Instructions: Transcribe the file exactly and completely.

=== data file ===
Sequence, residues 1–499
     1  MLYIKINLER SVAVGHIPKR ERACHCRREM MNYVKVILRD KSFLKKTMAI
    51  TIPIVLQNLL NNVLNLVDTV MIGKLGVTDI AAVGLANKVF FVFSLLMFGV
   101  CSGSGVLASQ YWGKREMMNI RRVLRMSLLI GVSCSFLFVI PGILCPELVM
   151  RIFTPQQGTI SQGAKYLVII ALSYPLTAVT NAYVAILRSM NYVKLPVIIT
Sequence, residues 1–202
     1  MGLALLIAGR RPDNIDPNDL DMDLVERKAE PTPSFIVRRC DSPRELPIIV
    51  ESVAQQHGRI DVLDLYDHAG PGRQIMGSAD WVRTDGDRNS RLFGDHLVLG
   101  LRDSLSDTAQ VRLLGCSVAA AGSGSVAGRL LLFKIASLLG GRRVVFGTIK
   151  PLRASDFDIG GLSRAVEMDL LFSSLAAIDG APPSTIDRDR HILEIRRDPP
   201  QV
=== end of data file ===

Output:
Sequence, residues 1–499
     1  MLYIKINLER SVAVGHIPKR ERACHCRREM MNYVKVILRD KSFLKKTMAI
    51  TIPIVLQNLL NNVLNLVDTV MIGKLGVTDI AAVGLANKVF FVFSLLMFGV
   101  CSGSGVLASQ YWGKREMMNI RRVLRMSLLI GVSCSFLFVI PGILCPELVM
   151  RIFTPQQGTI SQGAKYLVII ALSYPLTAVT NAYVAILRSM NYVKLPVIIT
Sequence, residues 1–202
     1  MGLALLIAGR RPDNIDPNDL DMDLVERKAE PTPSFIVRRC DSPRELPIIV
    51  ESVAQQHGRI DVLDLYDHAG PGRQIMGSAD WVRTDGDRNS RLFGDHLVLG
   101  LRDSLSDTAQ VRLLGCSVAA AGSGSVAGRL LLFKIASLLG GRRVVFGTIK
   151  PLRASDFDIG GLSRAVEMDL LFSSLAAIDG APPSTIDRDR HILEIRRDPP
   201  QV